We see many traumatized individuals every day and we know that the students we serve have experienced traumatic events causing them to struggle with chronic stress and adversity. Unfortunately, while trauma is not new, as a society we seem to lack the ability to recognize it in one another.

At the root of our work, we strive to see our students, their families, and our school leaders in ways that matter. To help us with this work, we practice The Sanctuary Model®. It is a clinical and organizational blueprint for change which, promotes safety and recovery from adversity through the active creation of a trauma-informed community. A recognition that trauma is pervasive in the experience of human beings forms the basis of The Sanctuary Model®. This is true, not only for those we serve but, equally for the people and systems through which service is provided.

CISPAC’s Sanctuary Trauma-Informed training anchors our work with students, families, school, and community leaders, elevating the integration of human services in our work.

The Sanctuary Model of Trauma-Informed care is built on four important pillars


Pillar 1: Trauma Theory

The experiences of trauma can be identified along a wide continuum that includes both discrete events and ongoing cumulative trauma like racism and poverty. Simply stated, trauma is defined as an experience in which a person’s internal resources are not adequate to cope with the external stressors. Many of the behavioral systems that we see in students are a direct result of coping with adverse experiences. What we identify as negative behaviors are really misapplied survival skills. Individuals who have experienced trauma are extremely resilient. Addressing their trauma can help them move past basic survival skills.



Pillar 2: The Seven Sanctuary Commitments

A way to help move past these survival skills is to practice these seven commitments.

Commitment to Nonviolence – Feeling safe is essential when confronting the challenges our schools and communities face. By ensuring that all stakeholders are safe outside (physically), inside (emotionally), with others (socially) and to do the right thing (morally) we keep people engaged in the difficult work of change.

Commitment to Emotional Intelligence – Ensuring that we manage our own feelings will keep us from hurting others or ourselves. Emotional intelligence allows us to provide facilitation throughout the most challenging situations.

Commitment to Social Learning – We can only engage in community shaping conversations by respecting and sharing the ideas of all who join us.

Commitment to Democracy – Shared decision making is critical when building strong collaborations. Shared decision making empowers individuals to embrace change even when it is difficult.

Commitment to Open Communication – Creating the space to say what we mean but remembering not be mean when we say it. We keep people engaged in our work through consistent communication that is both kind and helpful – even when it is critical.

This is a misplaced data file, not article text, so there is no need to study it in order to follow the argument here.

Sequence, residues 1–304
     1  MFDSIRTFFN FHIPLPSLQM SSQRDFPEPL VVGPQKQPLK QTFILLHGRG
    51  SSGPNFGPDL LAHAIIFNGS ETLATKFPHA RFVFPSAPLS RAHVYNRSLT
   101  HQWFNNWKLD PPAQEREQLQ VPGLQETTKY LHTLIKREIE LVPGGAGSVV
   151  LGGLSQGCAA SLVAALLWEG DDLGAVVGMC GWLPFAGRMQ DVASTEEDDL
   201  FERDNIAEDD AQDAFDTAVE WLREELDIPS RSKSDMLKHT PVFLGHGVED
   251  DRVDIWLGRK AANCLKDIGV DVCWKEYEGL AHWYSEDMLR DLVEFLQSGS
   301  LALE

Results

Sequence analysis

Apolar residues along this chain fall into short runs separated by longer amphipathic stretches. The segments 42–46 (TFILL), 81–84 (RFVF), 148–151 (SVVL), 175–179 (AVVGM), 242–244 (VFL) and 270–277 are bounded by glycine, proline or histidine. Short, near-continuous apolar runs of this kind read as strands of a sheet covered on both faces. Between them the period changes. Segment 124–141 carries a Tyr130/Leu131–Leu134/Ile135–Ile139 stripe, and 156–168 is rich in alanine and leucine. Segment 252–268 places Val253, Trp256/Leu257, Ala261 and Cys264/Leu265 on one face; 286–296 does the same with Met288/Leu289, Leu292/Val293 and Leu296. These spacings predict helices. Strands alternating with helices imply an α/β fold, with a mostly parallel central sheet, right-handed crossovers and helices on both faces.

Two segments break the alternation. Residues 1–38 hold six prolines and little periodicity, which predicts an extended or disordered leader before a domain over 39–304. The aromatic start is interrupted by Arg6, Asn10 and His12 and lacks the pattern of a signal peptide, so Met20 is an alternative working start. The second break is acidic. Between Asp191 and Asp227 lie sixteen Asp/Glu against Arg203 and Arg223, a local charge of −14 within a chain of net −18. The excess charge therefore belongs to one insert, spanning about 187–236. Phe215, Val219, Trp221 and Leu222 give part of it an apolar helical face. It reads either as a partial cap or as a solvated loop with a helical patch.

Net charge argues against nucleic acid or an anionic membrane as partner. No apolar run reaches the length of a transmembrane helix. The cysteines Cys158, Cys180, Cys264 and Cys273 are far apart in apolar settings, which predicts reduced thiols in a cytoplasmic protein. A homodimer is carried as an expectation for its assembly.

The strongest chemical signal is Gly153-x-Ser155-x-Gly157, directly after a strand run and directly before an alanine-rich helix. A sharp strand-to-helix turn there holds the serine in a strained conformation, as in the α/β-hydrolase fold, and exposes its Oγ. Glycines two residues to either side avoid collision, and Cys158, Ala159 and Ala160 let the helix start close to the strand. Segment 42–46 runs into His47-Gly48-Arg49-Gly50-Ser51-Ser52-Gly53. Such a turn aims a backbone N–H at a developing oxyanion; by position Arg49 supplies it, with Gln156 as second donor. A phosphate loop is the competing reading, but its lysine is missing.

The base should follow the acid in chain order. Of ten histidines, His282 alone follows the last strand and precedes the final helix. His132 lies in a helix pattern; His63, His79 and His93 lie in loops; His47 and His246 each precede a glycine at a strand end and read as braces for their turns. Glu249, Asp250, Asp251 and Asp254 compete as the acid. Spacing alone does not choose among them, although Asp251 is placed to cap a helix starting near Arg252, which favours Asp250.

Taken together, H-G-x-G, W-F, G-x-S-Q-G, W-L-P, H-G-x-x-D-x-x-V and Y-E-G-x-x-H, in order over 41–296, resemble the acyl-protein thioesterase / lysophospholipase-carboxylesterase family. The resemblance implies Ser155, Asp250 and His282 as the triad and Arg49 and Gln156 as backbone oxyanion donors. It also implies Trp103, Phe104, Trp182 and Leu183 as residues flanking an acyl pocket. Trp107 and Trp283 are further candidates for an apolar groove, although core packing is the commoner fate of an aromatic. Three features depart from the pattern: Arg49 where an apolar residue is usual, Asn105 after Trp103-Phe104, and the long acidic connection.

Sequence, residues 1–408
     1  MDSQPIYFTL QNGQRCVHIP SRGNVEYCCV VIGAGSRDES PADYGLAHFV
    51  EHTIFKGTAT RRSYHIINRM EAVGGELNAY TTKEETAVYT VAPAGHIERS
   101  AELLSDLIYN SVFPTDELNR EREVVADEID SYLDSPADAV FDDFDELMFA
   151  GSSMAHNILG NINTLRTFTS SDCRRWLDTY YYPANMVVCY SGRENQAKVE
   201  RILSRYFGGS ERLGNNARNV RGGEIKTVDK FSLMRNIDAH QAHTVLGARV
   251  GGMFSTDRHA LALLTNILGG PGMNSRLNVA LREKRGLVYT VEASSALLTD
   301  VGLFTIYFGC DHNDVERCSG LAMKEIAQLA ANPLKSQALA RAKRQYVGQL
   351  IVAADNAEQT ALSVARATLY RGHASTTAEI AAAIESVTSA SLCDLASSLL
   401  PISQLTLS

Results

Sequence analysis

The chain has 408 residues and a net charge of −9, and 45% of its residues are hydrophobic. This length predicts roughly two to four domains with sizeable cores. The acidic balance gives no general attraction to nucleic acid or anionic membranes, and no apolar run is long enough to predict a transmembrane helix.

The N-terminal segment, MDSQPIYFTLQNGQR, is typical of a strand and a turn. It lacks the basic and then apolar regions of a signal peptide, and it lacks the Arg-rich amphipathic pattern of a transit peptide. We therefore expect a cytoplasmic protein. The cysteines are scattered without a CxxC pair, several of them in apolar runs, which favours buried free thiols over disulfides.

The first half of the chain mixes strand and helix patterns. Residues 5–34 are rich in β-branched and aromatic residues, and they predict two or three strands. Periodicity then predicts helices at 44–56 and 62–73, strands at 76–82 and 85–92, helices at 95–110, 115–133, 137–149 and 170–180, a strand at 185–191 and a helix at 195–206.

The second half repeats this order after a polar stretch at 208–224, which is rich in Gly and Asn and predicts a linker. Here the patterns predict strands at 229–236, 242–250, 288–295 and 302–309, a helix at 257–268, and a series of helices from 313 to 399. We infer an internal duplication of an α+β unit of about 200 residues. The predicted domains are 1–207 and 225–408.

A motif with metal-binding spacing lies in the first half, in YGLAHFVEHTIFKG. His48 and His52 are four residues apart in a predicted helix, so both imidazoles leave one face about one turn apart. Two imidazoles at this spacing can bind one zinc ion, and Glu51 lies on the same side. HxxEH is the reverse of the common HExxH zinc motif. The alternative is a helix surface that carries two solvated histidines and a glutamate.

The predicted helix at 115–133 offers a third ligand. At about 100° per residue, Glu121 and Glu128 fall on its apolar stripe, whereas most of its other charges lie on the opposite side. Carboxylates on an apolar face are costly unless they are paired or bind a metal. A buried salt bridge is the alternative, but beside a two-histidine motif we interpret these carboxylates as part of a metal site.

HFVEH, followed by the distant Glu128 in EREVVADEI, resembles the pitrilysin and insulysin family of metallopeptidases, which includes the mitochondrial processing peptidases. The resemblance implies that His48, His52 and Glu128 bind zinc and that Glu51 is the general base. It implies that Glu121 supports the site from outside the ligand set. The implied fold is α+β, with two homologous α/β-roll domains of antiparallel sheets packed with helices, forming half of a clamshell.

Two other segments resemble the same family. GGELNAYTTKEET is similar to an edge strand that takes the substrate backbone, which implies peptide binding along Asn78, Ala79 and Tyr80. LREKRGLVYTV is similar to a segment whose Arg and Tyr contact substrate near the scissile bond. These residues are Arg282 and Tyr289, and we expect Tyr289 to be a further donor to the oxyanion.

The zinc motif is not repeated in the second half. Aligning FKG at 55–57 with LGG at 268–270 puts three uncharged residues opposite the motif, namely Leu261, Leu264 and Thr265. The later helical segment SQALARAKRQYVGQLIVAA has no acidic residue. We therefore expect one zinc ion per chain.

Commitment to Social Responsibility – We strongly believe that we can only accomplish our vision when everyone contributes.

Commitment to Growth & Change – Our commitment to growth and change is rooted in creating hope for our partners as well as ourselves. One important way we accomplish this is through impact measurement and continuous quality improvement. Seeing the small strides and celebrating success is critical for us to keep moving forward.


Pillar 3: The SELF Framework

We know that as social service providers and educators we often speak in terms that are not clear to each other or the people we hope to serve. The SELF framework is the organizing framework CISPAC uses for school, student and family support planning, community conversations and collaborative decision-making. It helps us to focus on the most important aspects of helping people heal from trauma in a simple and accessible way. The SELF Framework stand for:

SAFETY: Since many of the behaviors we see are survival skills its important to understand all of the safety concerns a person may be facing in any given situation. We address all forms of safety (physical, psychological, social and moral).

EMOTION MANAGEMENT: recognizing and dealing with feelings without hurting yourself or others.

LOSS: All change is loss. Acknowledging and grieving past losses or traumas and committing to work against getting stuck in the past.

FUTURE: Re-establishing the capacity for choice and engaging in new behaviors rather than repeating old patterns.


Pillar 4: The Sanctuary Tool Kit

This is our set of practical and simple interventions that reinforce the Sanctuary model within our work. These tools help us to create a trauma informed culture.

For more information on The Sanctuary Model®, please visit www.sanctuaryweb.com


For more information on CISPAC’s Trauma-Informed Student Services, please contact: Bridget Clement, Executive Director at bclement@cispac.org or 412-361-4945, ext.# 201.


Family and Educators Trauma Informed Resources

Helping Children Cope After a Traumatic Event

Healing Childhood Trauma in Adults

Treatment – Teen Trauma

Understanding Child Traumatic Stress

Parenting a Child Who Has Experience Trauma

Basic Information about Trauma